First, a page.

Liberian presidential candidate George Weah has called for a re-run of Tuesday's election, saying it was marred by vote-rigging.
George Weah has urged his supporters to remain calm
With almost all the votes counted, his opponent, Ellen Johnson-Sirleaf, has an insurmountable lead.
The former football star has urged supporters to remain calm - although on Friday hundreds staged angry protests in the capital, Monrovia.
The UN Security Council urged Liberians to settle the dispute peacefully.
If Mrs Johnson-Sirleaf's victory is confirmed, she would be the first woman to be elected president anywhere in Africa.
The Weah camp has made allegations of ballot tampering, intimidation and harassment during the vote. An investigation is under way.
International observers say the election was broadly free and fair.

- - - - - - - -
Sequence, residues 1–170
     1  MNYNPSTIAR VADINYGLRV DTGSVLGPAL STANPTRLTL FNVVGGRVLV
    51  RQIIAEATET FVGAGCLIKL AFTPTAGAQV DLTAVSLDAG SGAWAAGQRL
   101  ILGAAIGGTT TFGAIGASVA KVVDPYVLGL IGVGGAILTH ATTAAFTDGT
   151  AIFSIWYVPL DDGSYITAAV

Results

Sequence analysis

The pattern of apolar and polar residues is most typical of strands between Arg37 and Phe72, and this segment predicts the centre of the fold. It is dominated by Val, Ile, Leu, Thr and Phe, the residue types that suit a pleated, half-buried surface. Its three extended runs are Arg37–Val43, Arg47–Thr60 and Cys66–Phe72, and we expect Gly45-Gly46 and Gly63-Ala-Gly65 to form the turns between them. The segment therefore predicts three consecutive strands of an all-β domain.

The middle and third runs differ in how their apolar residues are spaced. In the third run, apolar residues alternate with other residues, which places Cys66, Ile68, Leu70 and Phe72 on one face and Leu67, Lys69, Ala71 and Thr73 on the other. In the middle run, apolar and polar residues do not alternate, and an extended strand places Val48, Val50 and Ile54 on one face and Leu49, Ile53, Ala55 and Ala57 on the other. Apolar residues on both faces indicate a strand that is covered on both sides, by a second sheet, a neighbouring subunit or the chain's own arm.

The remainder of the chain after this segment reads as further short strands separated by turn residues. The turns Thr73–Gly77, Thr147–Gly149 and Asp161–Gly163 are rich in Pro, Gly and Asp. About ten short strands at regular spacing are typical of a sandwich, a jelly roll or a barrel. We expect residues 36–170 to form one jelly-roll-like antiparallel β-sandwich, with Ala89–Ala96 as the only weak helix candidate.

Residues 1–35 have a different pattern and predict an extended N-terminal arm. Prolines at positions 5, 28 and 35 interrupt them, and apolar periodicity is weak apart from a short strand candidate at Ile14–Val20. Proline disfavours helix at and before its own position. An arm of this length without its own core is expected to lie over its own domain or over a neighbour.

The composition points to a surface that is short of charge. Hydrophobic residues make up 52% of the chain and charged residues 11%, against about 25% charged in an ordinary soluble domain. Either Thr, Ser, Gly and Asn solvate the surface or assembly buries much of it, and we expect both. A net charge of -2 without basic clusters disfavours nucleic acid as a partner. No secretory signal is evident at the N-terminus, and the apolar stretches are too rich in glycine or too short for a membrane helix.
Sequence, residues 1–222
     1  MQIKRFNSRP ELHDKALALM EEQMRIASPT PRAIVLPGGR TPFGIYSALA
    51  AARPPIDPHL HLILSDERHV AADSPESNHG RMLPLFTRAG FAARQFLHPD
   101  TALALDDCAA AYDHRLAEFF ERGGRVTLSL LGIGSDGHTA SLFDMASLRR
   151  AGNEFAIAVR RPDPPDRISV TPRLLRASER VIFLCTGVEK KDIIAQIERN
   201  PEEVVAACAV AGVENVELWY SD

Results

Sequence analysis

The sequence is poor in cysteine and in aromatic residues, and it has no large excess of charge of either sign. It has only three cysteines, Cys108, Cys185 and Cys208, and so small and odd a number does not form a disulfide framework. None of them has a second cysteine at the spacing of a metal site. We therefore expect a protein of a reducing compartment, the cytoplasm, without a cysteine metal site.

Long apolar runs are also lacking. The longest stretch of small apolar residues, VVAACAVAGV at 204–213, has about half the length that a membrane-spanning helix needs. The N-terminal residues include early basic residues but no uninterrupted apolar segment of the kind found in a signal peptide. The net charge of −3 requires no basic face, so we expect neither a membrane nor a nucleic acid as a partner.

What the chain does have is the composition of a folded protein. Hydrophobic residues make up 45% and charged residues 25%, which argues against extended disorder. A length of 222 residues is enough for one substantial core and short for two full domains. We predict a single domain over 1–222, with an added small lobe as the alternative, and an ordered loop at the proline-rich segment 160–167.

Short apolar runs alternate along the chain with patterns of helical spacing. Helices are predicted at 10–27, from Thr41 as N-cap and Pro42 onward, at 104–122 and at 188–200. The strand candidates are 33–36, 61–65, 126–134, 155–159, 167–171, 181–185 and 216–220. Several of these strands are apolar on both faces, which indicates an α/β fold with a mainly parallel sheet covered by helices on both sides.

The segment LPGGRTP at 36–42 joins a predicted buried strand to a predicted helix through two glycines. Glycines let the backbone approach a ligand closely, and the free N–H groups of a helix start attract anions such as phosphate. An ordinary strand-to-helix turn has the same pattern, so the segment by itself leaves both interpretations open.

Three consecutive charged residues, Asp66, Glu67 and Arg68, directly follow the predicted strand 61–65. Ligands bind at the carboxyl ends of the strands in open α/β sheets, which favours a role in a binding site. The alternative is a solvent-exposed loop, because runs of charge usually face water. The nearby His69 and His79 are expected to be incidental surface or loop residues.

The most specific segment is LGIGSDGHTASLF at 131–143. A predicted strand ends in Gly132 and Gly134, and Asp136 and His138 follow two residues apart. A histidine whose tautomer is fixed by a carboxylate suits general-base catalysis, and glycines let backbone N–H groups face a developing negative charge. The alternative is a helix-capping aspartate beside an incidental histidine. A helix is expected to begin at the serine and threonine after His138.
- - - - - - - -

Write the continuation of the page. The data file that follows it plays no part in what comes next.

The West African regional group Ecowas has urged the losers to accept the result with dignity and grace.
However, Mr Weah re-iterated his claims of fraud.
"As far as I am concerned there will be a re-run and I am going to pursue that," he told the BBC.
But the candidate said he was telling his supporters to be calm, "because we need to be peaceful".
Despite his appeals, at least one person was injured when UN forces fired tear gas to disperse protesters near the US embassy.
They acted after some of Mr Weah's supporters broke through a line of Liberian riot police trying to hold them back from the embassy, Reuters news agency reports.
The Weah camp is supported by most of the 100,000 ex-combatants from Liberia's 14-year civil war.
Mr Weah has said Ms Johnson-Sirleaf should not claim victory while his complaint to the Supreme Court is being investigated.
On Friday, Weah campaign officials filed a petition with the Supreme Court to halt vote counting.
But the court rejected the appeal and referred them to the National Elections Commission.
Ms Johnson-Sirleaf rejected claims of vote-rigging as absurd.
She told the BBC she hoped Mr Weah would join her new government after "getting over his disappointment".
The election was held after the civil war ended two years ago.